"To President Trump . . . access to food stamps is far too easy, and being on disability is just a matter of finding a friendly judge," Yamiche Alcindor and Campbell Robertson write for The New York Times. White House Budget Director Mick Mulvaney cites the cost savings and the incentive of good, old, hard work. "We need everybody pulling in the same direction,” he said.
However, many are concerned about the impact that these cuts will have on rural communities, especially in states like Mississippi, a state with much rural poverty, the Times reports: "Since last January, about 83,000 people receiving food stamps in Mississippi between the ages of 18 and 49 without dependents have been required to work, or prove they are looking for work, at least 20 hours a week to receive food stamps, according to Beth Orlansky, advocacy director of the Mississippi Center for Justice, which focuses on issues of racial and economic inequality. "The rules originated a decade ago in Washington, but because of its high poverty rates, Mississippi had been allowed a waiver since 2006."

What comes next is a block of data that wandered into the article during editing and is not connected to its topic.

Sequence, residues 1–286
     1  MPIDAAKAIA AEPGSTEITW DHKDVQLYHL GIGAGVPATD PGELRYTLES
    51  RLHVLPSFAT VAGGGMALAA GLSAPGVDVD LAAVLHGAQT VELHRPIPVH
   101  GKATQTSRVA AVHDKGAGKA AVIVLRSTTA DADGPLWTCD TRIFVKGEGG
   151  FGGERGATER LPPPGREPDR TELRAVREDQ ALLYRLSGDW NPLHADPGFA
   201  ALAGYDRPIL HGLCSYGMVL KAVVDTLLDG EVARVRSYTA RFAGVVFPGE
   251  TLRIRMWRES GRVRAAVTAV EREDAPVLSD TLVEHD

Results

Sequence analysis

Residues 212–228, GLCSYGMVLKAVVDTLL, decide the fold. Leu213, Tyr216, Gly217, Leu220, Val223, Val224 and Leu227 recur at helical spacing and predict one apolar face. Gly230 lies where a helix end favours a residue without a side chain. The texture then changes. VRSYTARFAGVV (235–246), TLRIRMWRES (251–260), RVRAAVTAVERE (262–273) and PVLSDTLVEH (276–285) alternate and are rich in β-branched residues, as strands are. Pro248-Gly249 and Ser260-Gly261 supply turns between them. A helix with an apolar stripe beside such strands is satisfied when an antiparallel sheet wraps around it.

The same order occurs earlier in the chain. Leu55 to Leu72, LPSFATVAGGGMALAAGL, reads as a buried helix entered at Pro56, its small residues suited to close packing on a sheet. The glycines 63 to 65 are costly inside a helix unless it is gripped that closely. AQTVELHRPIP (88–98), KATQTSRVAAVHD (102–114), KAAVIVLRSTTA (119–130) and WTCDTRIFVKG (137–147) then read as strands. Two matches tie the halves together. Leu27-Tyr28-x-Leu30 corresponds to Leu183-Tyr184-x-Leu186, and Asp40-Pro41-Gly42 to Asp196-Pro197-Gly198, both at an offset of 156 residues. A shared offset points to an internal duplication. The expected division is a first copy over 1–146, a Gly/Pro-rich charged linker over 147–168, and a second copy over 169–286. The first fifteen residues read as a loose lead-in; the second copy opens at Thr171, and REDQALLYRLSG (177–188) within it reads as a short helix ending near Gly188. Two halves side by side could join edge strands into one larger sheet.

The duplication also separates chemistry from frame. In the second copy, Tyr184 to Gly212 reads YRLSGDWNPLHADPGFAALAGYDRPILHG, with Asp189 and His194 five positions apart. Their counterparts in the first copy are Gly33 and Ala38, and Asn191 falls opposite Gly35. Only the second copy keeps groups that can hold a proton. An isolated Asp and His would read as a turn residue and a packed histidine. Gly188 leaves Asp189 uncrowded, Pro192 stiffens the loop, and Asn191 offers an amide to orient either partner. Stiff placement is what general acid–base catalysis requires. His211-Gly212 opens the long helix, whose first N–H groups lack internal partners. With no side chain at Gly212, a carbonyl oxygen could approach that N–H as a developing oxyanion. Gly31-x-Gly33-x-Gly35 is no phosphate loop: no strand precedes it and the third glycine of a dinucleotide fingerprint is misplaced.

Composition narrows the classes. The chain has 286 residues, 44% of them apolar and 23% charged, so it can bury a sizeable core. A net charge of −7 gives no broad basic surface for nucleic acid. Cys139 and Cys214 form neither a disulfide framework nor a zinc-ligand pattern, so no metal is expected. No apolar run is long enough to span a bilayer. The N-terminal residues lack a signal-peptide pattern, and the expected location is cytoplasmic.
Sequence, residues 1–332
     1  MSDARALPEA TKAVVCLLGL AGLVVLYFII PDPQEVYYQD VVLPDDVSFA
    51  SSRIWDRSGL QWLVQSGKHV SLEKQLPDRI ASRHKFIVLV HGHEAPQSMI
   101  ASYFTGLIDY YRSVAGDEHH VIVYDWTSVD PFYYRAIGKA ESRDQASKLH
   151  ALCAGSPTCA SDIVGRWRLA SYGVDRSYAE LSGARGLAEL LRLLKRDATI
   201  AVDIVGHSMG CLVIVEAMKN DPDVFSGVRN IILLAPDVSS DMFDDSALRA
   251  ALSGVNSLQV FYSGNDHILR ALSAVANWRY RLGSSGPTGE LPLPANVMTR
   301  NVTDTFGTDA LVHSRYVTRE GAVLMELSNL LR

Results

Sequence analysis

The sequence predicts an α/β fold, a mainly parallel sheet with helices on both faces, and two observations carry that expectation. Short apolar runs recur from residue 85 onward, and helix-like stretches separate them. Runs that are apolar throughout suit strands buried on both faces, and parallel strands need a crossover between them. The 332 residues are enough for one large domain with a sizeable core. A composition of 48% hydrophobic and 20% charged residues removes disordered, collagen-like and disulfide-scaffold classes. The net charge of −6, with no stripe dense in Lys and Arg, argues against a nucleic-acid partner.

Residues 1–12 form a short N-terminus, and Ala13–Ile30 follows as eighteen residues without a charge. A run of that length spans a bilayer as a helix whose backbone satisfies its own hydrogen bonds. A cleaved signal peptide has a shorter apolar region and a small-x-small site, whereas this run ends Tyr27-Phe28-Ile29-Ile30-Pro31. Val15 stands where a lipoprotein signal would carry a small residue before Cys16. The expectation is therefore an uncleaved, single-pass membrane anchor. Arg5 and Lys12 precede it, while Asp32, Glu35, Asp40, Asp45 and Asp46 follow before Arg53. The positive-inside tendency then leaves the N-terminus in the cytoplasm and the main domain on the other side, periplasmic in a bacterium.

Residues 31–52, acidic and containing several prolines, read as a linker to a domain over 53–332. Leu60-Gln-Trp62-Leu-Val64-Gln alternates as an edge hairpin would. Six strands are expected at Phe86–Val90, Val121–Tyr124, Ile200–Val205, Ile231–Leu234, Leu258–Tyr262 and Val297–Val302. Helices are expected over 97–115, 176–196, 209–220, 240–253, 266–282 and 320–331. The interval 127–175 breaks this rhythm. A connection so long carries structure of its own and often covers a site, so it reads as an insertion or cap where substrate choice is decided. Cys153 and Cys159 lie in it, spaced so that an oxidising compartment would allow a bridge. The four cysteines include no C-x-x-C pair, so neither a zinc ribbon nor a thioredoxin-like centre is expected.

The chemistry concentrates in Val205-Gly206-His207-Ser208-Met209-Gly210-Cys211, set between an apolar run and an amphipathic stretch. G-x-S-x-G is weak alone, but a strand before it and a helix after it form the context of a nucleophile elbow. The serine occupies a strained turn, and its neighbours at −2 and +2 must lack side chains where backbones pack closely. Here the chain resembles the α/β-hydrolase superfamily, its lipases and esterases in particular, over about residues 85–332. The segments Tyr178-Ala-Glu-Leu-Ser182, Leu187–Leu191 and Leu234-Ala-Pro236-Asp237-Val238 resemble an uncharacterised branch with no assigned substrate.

"While asking people to work might sound like a good idea 'in the abstract', she said, a state like Mississippi — with large pockets of poverty, sprawling rural communities and some of the highest rates of people on disability and food stamps — does not have enough jobs in the right places. Most people receiving food stamps and disability are doing some sort of work, but they need better skills and education to rise above poverty wages."